Thearticle is relevant to the present subject because it acknowledgesthe harmful effects of fracturing fluids and the processes, whichinclude water, noise and air pollution in the United States. Thereport also provides necessary recommendations to inform practice.Mainly, the article outlines that hazardous fracturing chemicals inthe soil or rock can easily find their way to surface water sourcessuch as dams, rivers, and springs—posing deadly risks on human lifeand other living creatures. Besides, the report addresses the problemof noise emanating from hydraulic machines to the people living nearthe sites where exploitation of natural gas is conducted.
Likethe other articles, this report discusses some of the commonenvironmental effects (water contamination, air emissions, and noise)of hydraulic fracturing. However, it sets itself from the rest whenit expresses concerns regarding the lack of knowledge on thecomposition of the fracturing chemicals employed by some of thecompanies. In essence, the article serves as a reminder of the areasthe policymakers might want to direct attention in their quest toprotect the environment. The massive emissions from hydraulicfracturing industries of pollutant, greenhouse gases such as carbon,sulfur, and nitrogen, and oxides and noise have been established tohave significant impacts on the health and wellbeing of people inHungary. Ideally, the article indicates that these gases find theirway into the atmosphere and build up in its upper layers.Consequently, their accumulation prevents heat from leaving theearth, resulting in the rise of global temperatures (global warming).The increase in the global temperatures has profound consequences onthe human life. Noise has discouraged human settlements in areaswhere hydraulic fracturing operations are conducted. In endeavoringin these discussions, this article is certainly aimed at being partof the process of informing the policymakers and the companiesinvolved to nurture consciousness regarding environmentalconservation.
Meiners,Georg, Denneborg, Michael and Müller, Frank.EnvironmentalImpacts of Hydraulic Fracturing Related to Exploration andExploitation of Unconventional Natural Gas Deposits.Federal Ministry for the Environment, Nature Conservation and NuclearSafety, 2015.Print
Meiners,Denneborg, and Müller examine the potential environmental impacts ofhydraulic fracturing focusing on the context of natural gasexploration. They discuss that the use of hydraulic fracturingtechniques can have adverse effects on water resources, especially inareas with water shortage problems. The authors associated theseenvironmental challenges with different operation factors. One ofthese factors is improperly maintained and built waste pits, whichhave significantly contributed to surface and groundwatercontamination. The surface water is also polluted through leaking offracturing chemicals during drilling and fracturing, issues thatcould be otherwise prevented by exercising minimum care for theenvironment. Some of the emissions from the processes and chemicalsdo not only pose as potential risks to contamination of water, butalso the atmosphere, with references given to harmful gases such asmethane and carbon dioxide. Moreover, hydraulic fracturing operationscan trigger induced seismicity (micro-seismic earthquakes) of energylevels up to5.6M and magnitude ranging between M-1 and M-3 (Meiners,Denneborg and Müller 2015).The report discusses several intervention measures needed toameliorate the problem, but which have been taken for granted by themainstream hydraulic fracturing companies. Ideally, the companies areoverlooking the significance of the call to protect the environment.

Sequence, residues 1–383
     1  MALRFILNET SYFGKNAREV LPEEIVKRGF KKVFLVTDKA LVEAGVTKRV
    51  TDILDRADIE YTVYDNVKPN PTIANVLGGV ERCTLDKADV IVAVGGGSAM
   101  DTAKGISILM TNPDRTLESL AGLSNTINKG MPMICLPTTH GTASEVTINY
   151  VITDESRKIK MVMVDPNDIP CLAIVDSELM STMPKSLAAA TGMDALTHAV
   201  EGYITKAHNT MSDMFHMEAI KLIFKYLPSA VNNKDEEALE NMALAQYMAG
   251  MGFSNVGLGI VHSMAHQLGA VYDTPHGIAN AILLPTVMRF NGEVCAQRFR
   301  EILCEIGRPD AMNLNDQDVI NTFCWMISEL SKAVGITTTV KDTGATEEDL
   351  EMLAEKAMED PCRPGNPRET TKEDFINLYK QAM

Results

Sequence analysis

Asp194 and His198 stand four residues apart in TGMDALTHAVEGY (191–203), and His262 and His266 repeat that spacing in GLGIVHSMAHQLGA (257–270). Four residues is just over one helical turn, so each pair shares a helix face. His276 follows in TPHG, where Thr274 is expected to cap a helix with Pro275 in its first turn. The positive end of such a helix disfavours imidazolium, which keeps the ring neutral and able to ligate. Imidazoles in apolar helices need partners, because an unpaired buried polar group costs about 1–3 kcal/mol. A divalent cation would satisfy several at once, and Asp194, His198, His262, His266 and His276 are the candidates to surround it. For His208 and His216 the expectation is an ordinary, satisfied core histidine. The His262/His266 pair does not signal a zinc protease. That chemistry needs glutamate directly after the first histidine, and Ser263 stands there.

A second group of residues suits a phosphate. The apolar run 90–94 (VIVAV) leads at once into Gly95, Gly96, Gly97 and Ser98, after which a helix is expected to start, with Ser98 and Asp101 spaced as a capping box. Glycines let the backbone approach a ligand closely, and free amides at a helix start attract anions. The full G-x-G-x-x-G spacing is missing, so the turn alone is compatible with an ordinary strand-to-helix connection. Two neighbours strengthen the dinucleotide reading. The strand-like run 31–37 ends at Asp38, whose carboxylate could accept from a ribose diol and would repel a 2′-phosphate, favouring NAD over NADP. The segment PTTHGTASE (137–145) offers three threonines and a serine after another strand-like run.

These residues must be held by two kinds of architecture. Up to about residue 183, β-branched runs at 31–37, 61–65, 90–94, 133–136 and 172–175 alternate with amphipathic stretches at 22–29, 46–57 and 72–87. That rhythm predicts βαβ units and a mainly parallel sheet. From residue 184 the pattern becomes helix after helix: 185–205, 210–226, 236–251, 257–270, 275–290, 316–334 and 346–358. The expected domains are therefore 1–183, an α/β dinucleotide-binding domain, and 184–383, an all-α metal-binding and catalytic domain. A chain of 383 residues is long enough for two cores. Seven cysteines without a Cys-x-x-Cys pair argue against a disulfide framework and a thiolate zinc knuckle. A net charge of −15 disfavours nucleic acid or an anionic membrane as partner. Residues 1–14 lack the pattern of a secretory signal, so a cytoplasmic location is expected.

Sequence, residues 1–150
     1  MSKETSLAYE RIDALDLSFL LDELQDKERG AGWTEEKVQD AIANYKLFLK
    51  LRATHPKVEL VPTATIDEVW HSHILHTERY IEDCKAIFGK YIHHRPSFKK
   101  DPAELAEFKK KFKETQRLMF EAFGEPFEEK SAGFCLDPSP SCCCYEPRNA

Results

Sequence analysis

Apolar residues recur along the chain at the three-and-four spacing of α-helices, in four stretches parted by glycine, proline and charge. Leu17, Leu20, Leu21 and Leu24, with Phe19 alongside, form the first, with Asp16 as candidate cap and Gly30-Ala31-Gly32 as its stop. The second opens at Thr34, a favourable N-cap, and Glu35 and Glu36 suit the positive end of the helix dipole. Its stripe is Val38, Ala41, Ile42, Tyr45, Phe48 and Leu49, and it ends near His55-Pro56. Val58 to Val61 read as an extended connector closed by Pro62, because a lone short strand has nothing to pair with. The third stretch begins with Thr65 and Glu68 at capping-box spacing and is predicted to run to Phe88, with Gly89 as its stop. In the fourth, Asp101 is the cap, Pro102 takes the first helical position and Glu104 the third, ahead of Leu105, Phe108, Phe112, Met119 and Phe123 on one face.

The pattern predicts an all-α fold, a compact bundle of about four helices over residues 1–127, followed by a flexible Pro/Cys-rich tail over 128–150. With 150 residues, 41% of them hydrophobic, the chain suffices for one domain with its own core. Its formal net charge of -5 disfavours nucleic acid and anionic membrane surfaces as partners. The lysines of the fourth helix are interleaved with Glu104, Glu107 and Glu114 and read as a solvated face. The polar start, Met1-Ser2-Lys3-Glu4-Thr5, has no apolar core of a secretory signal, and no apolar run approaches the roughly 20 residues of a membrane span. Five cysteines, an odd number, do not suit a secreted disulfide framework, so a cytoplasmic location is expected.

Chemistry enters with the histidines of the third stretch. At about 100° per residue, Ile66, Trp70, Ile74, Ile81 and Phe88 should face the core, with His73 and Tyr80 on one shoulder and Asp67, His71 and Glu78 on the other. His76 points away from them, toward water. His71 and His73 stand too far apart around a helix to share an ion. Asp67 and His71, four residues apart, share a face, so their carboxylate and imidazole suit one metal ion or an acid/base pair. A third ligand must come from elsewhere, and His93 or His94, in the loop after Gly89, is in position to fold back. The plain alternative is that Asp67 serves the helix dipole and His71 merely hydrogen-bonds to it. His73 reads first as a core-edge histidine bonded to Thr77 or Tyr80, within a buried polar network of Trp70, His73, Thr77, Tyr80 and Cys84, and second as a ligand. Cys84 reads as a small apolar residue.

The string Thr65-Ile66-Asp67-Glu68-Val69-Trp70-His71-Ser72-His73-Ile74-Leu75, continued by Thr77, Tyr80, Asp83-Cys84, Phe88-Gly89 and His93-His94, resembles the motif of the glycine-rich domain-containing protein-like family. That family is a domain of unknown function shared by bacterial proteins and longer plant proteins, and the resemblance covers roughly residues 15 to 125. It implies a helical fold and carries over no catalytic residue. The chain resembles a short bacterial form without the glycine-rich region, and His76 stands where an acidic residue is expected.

Thearticle is relevant because it discusses some of the harmful effectsof hydraulic fracturing operations, which include air and waterpollution. It also extends its discussion to cover the danger posedby increased damping of pollutant, exacerbated by the lack of properlegislation to regulate fracturing activities. In addition, thearticle discusses the contribution of prolonged damping of chemicalwastes from hydraulic fracturing processes to the stability of theground. Multiple cases of micro seismic events in the United Stateshave been attributed to rampant damping of fracturing chemicals anddisturbance of underground rocks.
Ascan be seen, this source explores the subject by focusing on the caseof the United States. It presents interesting revelations that arenot vividly addressed in other sections such as the relationshipbetween earthquakes and hydraulic fracturing. Besides, it confrontsthe lack of sound legal measures to control activities that involvethe use of fracturing fluids. It also highlights the dangers offracturing chemicals’ spillages due to poor maintenance andimproper construction of waste pits to the environment, touching onthe contamination of water sources and air pollution. The reportaddresses some of the environmental risks discussed in otherarticles. Some of the environmental hazards concerning the use offracturing process and hydraulic techniques include surface waterpollution, air pollution, and noise pollution. In particular, thereport suggests that excessive and prolonged use fracturing chemicalscan cause accumulation of those chemicals in large amounts,consequently increasing their levels (quantities) subsurface water,making it unsafe for living creatures. This report also sets thestage regarding the measures that the policymakers could adopt toresolve the scenario. It places the exploration companies into thelimelight of being the pollutant businesses and whose practices mustbe checked to assure desirable outcomes.